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Indian J Psychiatry. 2010 Apr-Jun; 52(2): 195.
PMCID: PMC2927896

Spontaneous recovery in Autistic Spectrum Disorders ‐ A myth?


Autism is not a disease. There is no blood test, neuroimaging or electroencephalography (EEG) test to diagnose or confirm autism.[1] The coordinated efforts of a team of different professionals, including a pediatrician, child psychiatrist, speech therapist, clinical/educational psychologist and specialist school teacher, along with parents help reach a conclusion based on all available information rather than absolute criteria.

In western countries, usually pediatricians take the lead in coordinating the assessment with the help of a multiprofessional team, and unsurprisingly are not aware of International Statistical Classification of Diseases and Related Health Problems 10th Revision (ICD-10) and Diagnostic and Statistical Manual of Mental Disorders, 4th Edition (DSM-IV) criteria.

However, in this case report[2] it seems that the diagnosis was made only by psychiatrists, providing limited grounds for diagnosis. We would like to raise a few points here. They argue that if the diagnostic criteria for pervasive developmental disorders (PDD) were met earlier (not later), the patient may be called greatly recovered or one may be questioning the initial diagnosis. The authors have used Childhood Autism Rating Scale (CARS) for diagnosis, which itself has its weaknesses in diagnosing autism. One can criticize the CARS because it does not separate ‘normal’ and ‘mildly affected’. These borderline cases overlap with cognitive impairment, obsessive-compulsive disorder, semantic-pragmatic language disorder without autism, and other co-morbid phenotypes.[3] Another weakness of the CARS is its unreliable discrimination of young children with autism from mental-age matched children with other disorders, especially limited language.[1]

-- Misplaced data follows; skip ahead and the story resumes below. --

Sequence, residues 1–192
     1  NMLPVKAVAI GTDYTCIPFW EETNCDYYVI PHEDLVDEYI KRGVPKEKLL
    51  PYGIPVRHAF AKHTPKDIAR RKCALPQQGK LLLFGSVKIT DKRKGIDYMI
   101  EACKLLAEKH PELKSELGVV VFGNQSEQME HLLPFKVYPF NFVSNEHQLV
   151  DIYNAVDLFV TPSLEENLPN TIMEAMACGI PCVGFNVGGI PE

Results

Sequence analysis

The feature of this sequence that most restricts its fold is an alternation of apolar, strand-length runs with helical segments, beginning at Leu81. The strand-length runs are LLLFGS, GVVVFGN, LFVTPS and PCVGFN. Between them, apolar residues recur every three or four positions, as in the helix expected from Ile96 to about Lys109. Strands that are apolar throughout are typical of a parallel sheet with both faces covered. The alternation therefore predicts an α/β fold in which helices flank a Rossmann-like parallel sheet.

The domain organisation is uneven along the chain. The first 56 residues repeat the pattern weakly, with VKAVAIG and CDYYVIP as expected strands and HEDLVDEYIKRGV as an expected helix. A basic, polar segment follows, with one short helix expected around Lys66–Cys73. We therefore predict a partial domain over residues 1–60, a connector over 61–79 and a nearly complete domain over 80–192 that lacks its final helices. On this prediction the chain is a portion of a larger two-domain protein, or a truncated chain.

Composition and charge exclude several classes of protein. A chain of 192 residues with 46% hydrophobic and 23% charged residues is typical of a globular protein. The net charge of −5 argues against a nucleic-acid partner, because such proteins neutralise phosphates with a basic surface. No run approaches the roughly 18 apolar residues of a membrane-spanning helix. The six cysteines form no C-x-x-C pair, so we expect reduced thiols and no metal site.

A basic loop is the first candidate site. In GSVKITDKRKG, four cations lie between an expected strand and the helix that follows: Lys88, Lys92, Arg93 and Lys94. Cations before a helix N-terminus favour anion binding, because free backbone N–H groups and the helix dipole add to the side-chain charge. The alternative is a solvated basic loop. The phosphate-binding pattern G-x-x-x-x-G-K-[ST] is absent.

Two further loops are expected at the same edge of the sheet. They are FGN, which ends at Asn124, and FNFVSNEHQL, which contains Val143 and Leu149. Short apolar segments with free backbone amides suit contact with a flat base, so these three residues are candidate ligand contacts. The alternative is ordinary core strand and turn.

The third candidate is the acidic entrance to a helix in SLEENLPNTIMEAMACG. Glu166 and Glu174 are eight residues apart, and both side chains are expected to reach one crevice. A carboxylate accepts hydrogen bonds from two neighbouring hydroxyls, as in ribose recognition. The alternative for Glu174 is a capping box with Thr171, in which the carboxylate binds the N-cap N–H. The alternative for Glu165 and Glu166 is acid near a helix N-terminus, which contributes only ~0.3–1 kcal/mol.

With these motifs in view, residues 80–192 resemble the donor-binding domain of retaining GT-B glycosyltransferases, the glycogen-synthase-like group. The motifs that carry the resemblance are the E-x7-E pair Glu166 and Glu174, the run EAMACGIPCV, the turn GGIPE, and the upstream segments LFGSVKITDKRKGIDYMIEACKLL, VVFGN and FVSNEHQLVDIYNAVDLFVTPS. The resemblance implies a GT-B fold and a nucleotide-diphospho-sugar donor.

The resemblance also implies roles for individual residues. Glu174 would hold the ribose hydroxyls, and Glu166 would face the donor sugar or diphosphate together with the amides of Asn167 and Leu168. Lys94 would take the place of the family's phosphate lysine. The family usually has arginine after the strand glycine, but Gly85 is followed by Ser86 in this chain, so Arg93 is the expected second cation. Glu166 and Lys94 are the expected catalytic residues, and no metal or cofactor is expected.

Research on autism has shown that three-quarters have intelligence quotient (IQ) score in the ‘retarded’ range and this finding appears to represent true intellectual impairment; the cognitive defects remain there and there is no improvement in IQ.[4] However, the case report mentions that P’s somatic quotient / development quotient (SQ/DQ) was 25-30, which later improved to 40-45. This makes it difficult to understand whether he actually had autism with mental retardation; or mental retardation alone or neither of them.

An area of interest for further research for clinicians would be to devise clinical instruments which could differentiate between autism and other mental disorders with similar symptoms.


1. Lord C. Follow-up of two-year-olds referred for possible autism. J Child Psychol Psychiatry. 1995;36:1365–82. [PubMed]
2. Sitholey P, Agarwal V, Pargaonkar A. Rapid and spontaneous recovery in autistic disorder. Indian J Psychiatry. 2009;51:209–11. [PMC free article] [PubMed]
3. Isabelle R, Sylvie G. Jornal de Pediatria, J Pediatr., editors. The Brazilian CARS: a standardized screening tool for autism. (Rio J.) 2008;vol.84 no.6 Porto Alegre Nov./Dec. [PubMed]
4. Gelder M, Mayou R, Cowen P. Child Psychiatry In: Shorter Oxford Textbook of Psychiatry. 4th ed. UK: Oxford University Press Publication; 2001. pp. 827–9.

Articles from Indian Journal of Psychiatry are provided here courtesy of Medknow Publications